Has homebuilder Lennar (NYSE:LEN) finally hit bottom? Cancellation rates and higher incentives are hurting margins and sales and are leading this company to lower guidance -- just as Toll Brothers (NYSE:TOL), KB Homes (NYSE:KBH), and so many others before them have experienced.

But wait a minute -- didn't folks ranging from realtors to brokers to industry representatives assure us all that there was no housing bubble? Wasn't talk of rank speculation just a myth? To be fair, the folks in Lennar management weren't responsible for any of that -- but they're still suffering the aftermath of a market that got itself overheated.

Then again, it's not as if the quarter that Lennar reported was all that rotten. Revenue was up 56% as reported, with a 40% hike in deliveries leading to a 53% jump in revenue from home sales. Gross margins did ease off, though, and operating earnings from homebuilding were up 25%.

Of course, Wall Street cares primarily about the future. To that end, new orders were down 3% (though up in the company's Central region), backlog value fell by 11%, and the company did warn of continuing deterioration in several large markets. It also observed that there has been a "wholesale evaporation" of speculators and that many, if not most, folks who sought easy money in the housing market have since packed up and left.

That last bit is the best news of all, in my opinion. See, at least two of the major fundamentals of the new housing market -- employment and interest rates -- are still pretty good. Speculative froth, though, made affordability more of an issue. If speculators have moved on to other projects, maybe pricing can get back in line with historical trends -- though this will be an unpleasant adjustment -- and the business can get back to a more normal situation.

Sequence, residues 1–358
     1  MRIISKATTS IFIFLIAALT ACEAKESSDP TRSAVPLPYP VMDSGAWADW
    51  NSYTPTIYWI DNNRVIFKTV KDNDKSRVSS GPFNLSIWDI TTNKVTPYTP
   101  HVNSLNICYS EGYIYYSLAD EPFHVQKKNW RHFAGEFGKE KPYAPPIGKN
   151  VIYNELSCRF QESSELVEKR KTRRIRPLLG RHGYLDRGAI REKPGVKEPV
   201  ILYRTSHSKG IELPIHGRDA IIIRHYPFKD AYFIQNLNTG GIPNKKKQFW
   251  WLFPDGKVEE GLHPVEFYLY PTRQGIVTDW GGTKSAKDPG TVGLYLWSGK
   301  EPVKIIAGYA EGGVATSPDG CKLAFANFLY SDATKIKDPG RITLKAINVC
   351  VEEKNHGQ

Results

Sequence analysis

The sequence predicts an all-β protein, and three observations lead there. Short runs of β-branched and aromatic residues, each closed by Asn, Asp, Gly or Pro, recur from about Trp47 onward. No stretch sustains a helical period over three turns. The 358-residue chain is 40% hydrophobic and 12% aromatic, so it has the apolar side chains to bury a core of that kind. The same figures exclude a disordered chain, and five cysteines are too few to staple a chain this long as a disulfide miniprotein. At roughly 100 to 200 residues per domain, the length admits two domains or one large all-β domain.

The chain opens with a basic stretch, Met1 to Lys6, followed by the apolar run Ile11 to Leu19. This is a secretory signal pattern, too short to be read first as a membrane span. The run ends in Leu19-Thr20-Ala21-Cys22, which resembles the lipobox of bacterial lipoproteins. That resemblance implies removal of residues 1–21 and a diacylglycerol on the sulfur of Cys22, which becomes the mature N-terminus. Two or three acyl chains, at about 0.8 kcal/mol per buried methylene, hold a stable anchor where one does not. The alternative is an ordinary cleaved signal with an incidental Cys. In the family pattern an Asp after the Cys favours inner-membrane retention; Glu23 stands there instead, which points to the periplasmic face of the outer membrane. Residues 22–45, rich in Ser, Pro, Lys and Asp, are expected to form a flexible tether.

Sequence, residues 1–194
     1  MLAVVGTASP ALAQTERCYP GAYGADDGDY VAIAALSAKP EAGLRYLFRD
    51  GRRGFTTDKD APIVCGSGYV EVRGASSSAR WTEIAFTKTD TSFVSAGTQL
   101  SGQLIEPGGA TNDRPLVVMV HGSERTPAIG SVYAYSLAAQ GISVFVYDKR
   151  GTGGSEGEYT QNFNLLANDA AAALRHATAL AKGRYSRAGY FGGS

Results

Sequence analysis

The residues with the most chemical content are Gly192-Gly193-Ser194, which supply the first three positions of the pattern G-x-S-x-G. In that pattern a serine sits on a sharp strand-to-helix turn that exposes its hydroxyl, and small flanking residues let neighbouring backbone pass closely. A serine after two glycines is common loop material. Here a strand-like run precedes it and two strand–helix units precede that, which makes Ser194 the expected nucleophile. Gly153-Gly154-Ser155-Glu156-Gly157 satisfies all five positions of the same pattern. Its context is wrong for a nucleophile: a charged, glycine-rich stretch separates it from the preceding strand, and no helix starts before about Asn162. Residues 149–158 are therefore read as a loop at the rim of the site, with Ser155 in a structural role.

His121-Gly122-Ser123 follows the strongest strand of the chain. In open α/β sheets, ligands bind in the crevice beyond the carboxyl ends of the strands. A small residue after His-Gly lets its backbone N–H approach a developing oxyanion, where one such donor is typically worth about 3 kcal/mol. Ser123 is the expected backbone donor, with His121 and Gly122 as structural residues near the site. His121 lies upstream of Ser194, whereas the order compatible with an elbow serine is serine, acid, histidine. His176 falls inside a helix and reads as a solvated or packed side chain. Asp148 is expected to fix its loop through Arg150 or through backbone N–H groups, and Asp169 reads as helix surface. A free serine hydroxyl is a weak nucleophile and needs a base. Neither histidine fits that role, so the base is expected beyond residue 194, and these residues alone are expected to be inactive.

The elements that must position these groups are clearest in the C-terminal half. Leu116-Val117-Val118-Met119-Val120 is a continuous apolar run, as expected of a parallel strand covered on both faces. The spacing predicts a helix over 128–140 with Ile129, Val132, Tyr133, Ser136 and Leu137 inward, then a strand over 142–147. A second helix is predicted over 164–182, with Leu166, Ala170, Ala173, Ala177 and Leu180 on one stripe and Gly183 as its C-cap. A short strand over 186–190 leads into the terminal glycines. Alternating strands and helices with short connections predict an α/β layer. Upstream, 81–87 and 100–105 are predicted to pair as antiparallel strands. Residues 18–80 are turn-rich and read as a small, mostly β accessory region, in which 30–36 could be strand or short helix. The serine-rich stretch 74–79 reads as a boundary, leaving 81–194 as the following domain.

The risk in buying a stock like Lennar is that things can get even worse. Lennar holds a lot of land, second to Toll Brothers and ahead of the likes of Pulte (NYSE:PHM) and Hovnanian (NYSE:HOV), and a protracted slowdown could lead to asset writedowns -- though the long-term history of American real estate is that prices increase. By the same token, Lennar has a good record of producing returns on its capital, and that makes it at least worth consideration for those looking to play the eventual recovery in this sector.

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Philip Durell knows that price drops can be a boon for investors. Motley Fool Inside Value , the newsletter service Philip heads up, focuses exclusively on great stocks trading at discount prices. You can try out the service yourself free for 30 days .

Fool contributor Stephen Simpson has no financial interest in any stocks mentioned (that means he's neither long nor short the shares).